Vian Sora (b. Bagdad, Iraq,1976) is an Iraqi American artist who lives and works in Louisville, Kentucky. She received a BS from Al Mansour University in Baghdad, Iraq in 2000, studied printmaking at the Istanbul Museum of Graphic Art in Istanbul, Turkey in 2007, and received an MBA from Bellarmine University in Louisville, Kentucky in 2012. Her work has been included in solo and group exhibitions domestically and internationally including KMAC Museum, Louisville, KY; Louisville Metro Hall, Louisville, KY; U.S. Chamber of Commerce, Washington D.C.; Dar El Cid Museum, Kuwait City, Kuwait; Istanbul Museum of Graphic Art, Istanbul, Turkey; Japanese Foundation Culture Center, Ankara, Turkey; Topkapi Palace Museum, Istanbul, Turkey. She participated in the KMAC Triennial in Louisville, KY; the Baghdad Art International Art Festival, Baghdad, Iraq; and the Sharjah Biennale in Sharjah, UAE. Her work is included in the collections of Dar El Cid Museum, Kuwait City, Kuwait; KMAC Museum, Louisville, KY; Ministry of Culture Contemporary Collection, Baghdad, Iraq; Speed Art Museum, Louisville, KY; as well as numerous private and corporate collections.
In a word, karma. Together, the 20 paintings on view feel heavy with the accumulation of history: karmic cycles of violence, pestilence, and death. (Sora, who was born in Baghdad, remained in the city through multiple wars, including the 2003 United States invasion, before emigrating.) And yet, the work also sings with the equally abiding presence of growth, rebirth, and new life.
“For years, I was just trying to turn my back to a little bit of the intensity of the experience of not only being an immigrant, but being an Iraq immigrant in America, but also being an American,” Sora said. “And I feel like I was really faced with that here, not in a bad way.”
In another corner, works focus on citizenship through the individual experience: Cuban native José Manuel Nápoles’s portrait of his fiance expresses a childlike exuberance that belies the agonizing displacement of emigration, while Iraqi-American Vian Sora paints silhouettes of human heads, their faces obscured in crimson fissures resembling desiccated deserts and violent blood splatters.
The work is undeniably chaotic, struggling to contain the exploded forms of color and texture and memory in a surge of energy and heat. And yet it also holds a persistent beauty, lines of elegance and grace that cut through the debris and roughness in lucid and reassuring curves. What is left is both a hope and a hollowness: streets clear of foreign tanks, skies absent of fighter jets, the silent stillness of a bombed-out city, this vast and sudden absence, this aching emptiness.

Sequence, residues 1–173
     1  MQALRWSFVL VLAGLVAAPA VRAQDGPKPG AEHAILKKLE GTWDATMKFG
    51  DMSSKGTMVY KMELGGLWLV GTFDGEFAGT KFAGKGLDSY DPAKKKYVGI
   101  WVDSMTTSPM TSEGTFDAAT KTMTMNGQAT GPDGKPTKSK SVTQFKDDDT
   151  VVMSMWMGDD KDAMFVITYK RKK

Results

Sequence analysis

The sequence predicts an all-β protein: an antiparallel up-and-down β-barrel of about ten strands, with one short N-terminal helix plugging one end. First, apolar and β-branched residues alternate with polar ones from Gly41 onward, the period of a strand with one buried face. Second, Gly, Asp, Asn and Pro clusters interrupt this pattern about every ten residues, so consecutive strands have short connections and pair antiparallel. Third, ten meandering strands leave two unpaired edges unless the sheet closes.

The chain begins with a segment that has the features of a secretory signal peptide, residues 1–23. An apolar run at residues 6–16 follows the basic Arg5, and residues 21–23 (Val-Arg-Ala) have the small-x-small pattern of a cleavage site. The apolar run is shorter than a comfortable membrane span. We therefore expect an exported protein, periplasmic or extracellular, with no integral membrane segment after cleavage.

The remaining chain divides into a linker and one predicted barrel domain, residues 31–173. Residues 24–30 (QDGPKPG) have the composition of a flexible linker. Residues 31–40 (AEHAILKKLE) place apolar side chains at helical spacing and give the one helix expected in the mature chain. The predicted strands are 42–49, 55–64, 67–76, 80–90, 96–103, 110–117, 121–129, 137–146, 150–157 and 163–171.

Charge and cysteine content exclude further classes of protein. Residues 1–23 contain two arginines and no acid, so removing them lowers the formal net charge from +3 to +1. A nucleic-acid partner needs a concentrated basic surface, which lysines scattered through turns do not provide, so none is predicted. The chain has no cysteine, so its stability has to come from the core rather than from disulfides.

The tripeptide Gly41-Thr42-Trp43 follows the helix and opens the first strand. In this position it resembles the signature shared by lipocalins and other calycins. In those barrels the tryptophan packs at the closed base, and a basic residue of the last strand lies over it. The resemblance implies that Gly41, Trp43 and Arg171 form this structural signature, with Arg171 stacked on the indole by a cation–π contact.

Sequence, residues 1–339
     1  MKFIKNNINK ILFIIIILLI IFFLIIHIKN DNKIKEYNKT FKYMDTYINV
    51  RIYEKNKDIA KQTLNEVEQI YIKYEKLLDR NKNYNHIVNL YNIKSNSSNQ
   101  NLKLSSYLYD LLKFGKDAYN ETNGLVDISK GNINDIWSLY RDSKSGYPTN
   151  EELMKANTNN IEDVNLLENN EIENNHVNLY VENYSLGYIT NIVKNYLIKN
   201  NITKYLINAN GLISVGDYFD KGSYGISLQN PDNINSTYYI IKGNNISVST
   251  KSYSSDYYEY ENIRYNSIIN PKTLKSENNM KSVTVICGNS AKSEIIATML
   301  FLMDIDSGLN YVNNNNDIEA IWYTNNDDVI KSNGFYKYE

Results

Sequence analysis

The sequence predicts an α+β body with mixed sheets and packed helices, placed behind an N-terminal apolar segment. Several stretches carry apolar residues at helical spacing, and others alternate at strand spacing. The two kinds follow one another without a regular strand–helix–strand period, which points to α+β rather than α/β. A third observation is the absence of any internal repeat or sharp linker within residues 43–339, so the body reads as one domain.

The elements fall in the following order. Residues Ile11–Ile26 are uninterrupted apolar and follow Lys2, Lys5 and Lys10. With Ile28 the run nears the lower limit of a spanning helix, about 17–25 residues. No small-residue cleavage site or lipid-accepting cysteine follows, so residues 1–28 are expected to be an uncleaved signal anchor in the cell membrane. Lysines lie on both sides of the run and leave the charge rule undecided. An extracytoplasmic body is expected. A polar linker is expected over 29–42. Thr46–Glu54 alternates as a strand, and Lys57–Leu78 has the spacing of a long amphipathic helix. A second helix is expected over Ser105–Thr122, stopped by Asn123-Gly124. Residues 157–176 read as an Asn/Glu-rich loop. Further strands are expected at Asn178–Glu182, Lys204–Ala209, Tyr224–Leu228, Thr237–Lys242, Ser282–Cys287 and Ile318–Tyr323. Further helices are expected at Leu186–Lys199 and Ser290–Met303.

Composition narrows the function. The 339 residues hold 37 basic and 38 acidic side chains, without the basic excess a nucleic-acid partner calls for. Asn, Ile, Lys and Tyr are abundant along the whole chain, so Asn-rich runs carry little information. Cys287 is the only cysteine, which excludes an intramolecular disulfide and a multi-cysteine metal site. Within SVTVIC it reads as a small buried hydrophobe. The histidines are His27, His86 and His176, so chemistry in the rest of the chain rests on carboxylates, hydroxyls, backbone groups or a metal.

Stare long enough and you will find things hidden in the paintings — a moon here, a figure there, or maybe even a few things that aren’t really anything at all, like what you see when you name the shapes of clouds. Sora thinks of the work not as being about her experiences, but being driven by them. For her, that explosive section of a painting could be reminiscent of a car bomb, though a viewer might never make that connection. One wonders if abstraction becomes a kind of armor in her work, a way of confronting past trauma without being overwhelmed by discernible representations of it.
In painter Vian Sora’s latest solo show, she illustrates a similarity between Berlin, Germany and Baghdad, Iraq. During a residency in Berlin last year, she had the chance to learn about the city’s rebirth after World War II. “As an Iraqi born artist,” she said, “my first-hand experience of war, political upheaval, migration and subsequent geographic and cultural displacement has deeply affected my life and my art. Since leaving Iraq, my works expressively address these issues.”
Artists’ creations can be inspired by many different experiences. Traveling to a foreign city, meeting a new person, undergoing illness or even facing political upheaval can provide ideas for new work. For Iraqi-American artist Vian Sora, inspiration comes from a mixed palette of life experiences. She was born and raised in Baghdad and grew up with certain expectations as the oldest daughter and granddaughter of a Middle Eastern family.
“It’s not a direct response to any one political or military event in Iraq,” said Abrams. “It is inspired by the experiences of Vian Sora, a person from Iraq who has come to the United States and made her home here as a visual artist. It’s a piece that takes the totality of now well over a decade-and-a-half of our shared experience — both Americans and people abroad — as we try to absorb this world history.”
There is an unexpected delicacy to Vian Sora’s exhibit Displaced Narratives (1619 Flux:Art + Activism). The Iraqi-born artist approaches the difficult subject of displacement with a thoughtfulness that makes her art accessible. There is also timelessness to this collection; found in the use of ancient Mesopotamian technique of engraving the canvas, the reference to ancient iconography, the use of gold thus referencing byzantine art, the more modern floating and abstracted figures and compositions, and the contemporary color pallet, which are combined beautifully to create a transcendent visual experience.